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Monsoon rains hinder Myanmar aid effort

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  • Monsoon rains hinder Myanmar cyclone relief efforts, aid agency spokesman says
  • Military junta has agreed to let aid agencies use helicopters to reach remote areas
  • More than 77,000 dead, 55,000 missing, 600,000 requiring relocation
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(CNN) -- Monsoon rains are hindering relief efforts in Myanmar as humanitarian agencies attempt to get aid into the cyclone-ravaged country, a UNICEF spokesman said on Monday.

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Aid agencies say hundreds of thousands of survivors are without shelter as the monsoon season begins.

More than 77,000 people have already died in the secretive southeast Asian since Cyclone Nargis devastated the Irrawaddy delta region in early May, according to United Nations estimates.

But at least 55,000 more remain missing and as many as 600,000 require relocating after losing their homes. Aid agencies have been frustrated in their rescue efforts by restrictions placed on their movements inside the country by Myanmar's military junta government.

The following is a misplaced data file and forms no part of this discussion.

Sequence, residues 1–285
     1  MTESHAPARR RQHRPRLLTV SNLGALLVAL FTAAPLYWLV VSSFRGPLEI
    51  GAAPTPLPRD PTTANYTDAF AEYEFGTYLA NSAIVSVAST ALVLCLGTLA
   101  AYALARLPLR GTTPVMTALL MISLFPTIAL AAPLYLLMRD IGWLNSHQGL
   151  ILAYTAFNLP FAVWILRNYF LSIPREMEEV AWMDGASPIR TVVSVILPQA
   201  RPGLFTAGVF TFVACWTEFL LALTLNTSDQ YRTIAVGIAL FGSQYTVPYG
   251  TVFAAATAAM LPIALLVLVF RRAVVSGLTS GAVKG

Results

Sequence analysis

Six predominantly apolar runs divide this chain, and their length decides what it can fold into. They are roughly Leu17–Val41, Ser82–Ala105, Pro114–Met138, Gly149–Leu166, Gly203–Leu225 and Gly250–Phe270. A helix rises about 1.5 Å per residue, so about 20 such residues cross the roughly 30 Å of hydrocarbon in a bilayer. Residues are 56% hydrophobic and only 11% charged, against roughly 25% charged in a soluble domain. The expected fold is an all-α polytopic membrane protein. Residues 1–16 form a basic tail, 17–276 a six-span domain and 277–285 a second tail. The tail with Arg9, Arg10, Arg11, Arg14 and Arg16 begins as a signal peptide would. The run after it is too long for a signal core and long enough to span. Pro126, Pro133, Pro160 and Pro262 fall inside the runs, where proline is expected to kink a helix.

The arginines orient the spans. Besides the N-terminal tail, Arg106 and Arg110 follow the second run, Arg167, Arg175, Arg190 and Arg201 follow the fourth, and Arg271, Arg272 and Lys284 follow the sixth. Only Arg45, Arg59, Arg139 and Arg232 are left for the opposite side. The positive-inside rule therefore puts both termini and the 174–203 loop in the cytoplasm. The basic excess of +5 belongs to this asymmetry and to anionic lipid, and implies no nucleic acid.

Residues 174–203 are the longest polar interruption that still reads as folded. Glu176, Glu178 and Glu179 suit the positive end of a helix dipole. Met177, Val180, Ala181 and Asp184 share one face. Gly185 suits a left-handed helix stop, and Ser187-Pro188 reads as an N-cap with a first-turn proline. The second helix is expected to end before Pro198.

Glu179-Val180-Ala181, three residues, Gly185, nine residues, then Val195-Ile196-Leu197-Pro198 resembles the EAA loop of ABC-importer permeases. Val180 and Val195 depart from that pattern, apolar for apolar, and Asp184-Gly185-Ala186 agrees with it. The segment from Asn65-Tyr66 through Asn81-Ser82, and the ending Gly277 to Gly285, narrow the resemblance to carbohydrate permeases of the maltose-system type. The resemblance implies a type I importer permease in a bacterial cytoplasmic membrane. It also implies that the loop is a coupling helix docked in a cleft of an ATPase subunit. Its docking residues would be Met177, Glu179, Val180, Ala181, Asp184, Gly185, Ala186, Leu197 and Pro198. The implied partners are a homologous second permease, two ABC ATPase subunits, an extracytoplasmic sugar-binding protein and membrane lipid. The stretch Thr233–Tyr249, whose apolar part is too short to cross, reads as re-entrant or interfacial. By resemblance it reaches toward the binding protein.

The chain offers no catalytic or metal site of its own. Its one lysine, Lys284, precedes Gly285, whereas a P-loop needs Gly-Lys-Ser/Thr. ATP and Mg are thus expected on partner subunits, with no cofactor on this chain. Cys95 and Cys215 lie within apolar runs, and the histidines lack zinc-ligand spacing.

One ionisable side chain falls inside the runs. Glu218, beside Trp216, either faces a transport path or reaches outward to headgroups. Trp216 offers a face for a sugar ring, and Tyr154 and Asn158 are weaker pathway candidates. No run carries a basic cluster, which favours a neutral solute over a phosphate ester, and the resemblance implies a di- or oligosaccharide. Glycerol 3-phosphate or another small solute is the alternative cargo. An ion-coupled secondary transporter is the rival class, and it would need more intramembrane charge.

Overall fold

UNICEF's Michael Bociurkiw told CNN that the government had finally granted permission for the organization to use helicopters to deliver aid to those in need but said making deliveries meant battling strong winds and rain.

"Monsoon season has come to Myanmar," Bociurkiw said. "It is very very difficult to deliver aid even in very large helicopters. But we are getting out there and putting up with the elements." Video Watch refugees talk about the lack of aid »

Prior to the government's decision to allow aid agency helicopters to be used, getting relief supplies to the worst-hit areas had involved delivering them by truck along dirt tracks and transporting them by boat.

Bociurkiw said his organization, along with others, had been able to reach people living in the southern Irrawaddy delta region, but said the need for aid was still intense.

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"I think everybody would agree that there still is a substantial amount of people that have not received aid," he said.

"But with the government allowing these helicopters in, it has given us a totally new avenue into the worst affected areas."

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